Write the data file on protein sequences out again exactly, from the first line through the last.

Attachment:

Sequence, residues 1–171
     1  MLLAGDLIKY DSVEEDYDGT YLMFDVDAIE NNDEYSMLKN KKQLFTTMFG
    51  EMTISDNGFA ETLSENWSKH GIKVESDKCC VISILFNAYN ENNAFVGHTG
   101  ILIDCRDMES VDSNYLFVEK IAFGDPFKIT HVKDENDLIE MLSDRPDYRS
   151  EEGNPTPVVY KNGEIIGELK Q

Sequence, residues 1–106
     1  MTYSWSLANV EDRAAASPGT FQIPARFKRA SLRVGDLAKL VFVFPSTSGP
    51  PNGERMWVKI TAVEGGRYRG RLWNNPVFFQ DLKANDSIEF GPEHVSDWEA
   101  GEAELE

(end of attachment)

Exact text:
Sequence, residues 1–171
     1  MLLAGDLIKY DSVEEDYDGT YLMFDVDAIE NNDEYSMLKN KKQLFTTMFG
    51  EMTISDNGFA ETLSENWSKH GIKVESDKCC VISILFNAYN ENNAFVGHTG
   101  ILIDCRDMES VDSNYLFVEK IAFGDPFKIT HVKDENDLIE MLSDRPDYRS
   151  EEGNPTPVVY KNGEIIGELK Q

Sequence, residues 1–106
     1  MTYSWSLANV EDRAAASPGT FQIPARFKRA SLRVGDLAKL VFVFPSTSGP
    51  PNGERMWVKI TAVEGGRYRG RLWNNPVFFQ DLKANDSIEF GPEHVSDWEA
   101  GEAELE